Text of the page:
Ike struck Cuba came just one week after hurricane Gustav tore across the Caribbean, hitting Cuba, Haiti, the Dominican Republic and Jamaica and leaving about 80 people dead.
"In all of Cuba's history, we have never had two hurricanes this close together," Jose Rubiera, the head of Cuba's weather service, told the country's state television.
Energy companies in the Gulf of Mexico, which halted oil production during the impact of Gustav, have delayed restarting the flow of oil under the threat posed by Ike.
The weakened hurricane hit Cuba's southwestern coast after at least four people were killed in hurricane-related incidents as Ike roared along the Cuban coastline on Monday.
"There is substantial damage in housing, and we are evaluating the farm sector," said colonel Jose Betancourt, of the Cuban civil defence department.
Cuban authorities also said seven people had also been injured as Ike tore across the country from east to west.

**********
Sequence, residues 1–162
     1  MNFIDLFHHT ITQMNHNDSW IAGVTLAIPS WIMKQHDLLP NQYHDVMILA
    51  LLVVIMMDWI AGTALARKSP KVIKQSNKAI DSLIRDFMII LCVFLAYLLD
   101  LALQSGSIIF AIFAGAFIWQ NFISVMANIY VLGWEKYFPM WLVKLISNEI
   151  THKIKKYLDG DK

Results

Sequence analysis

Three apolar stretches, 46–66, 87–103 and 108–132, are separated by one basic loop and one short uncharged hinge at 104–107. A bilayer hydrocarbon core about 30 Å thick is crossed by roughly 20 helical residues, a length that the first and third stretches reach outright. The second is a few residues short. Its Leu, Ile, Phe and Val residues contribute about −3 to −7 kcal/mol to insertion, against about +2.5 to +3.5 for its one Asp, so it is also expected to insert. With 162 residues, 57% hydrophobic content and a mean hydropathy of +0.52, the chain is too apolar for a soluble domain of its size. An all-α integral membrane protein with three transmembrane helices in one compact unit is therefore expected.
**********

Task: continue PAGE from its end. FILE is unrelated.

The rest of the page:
The island had not seen hurricane-related deaths since 16 people were killed in hurricane Dennis in July 2005.
Officials said at least 1.5 million people had been evacuated from vulnerable areas in across Cuba.
Ike had earlier ripped through the southern Bahamas and the Turks and Caicos islands, as well as Haiti.
Officials said at least 66 people, including more than a dozen children, had died from the floods brought by Ike in Haiti, in addition to the 500 killed last week by Tropical Storm Hanna less than a week ago.
Eighty per cent of homes in the Turks and Caicos islands were damaged by winds, although there were no reports of deaths.
Ike has also ripped off roofs and knocked over trees and power lines in the Bahamas' southernmost island of Great Inagua.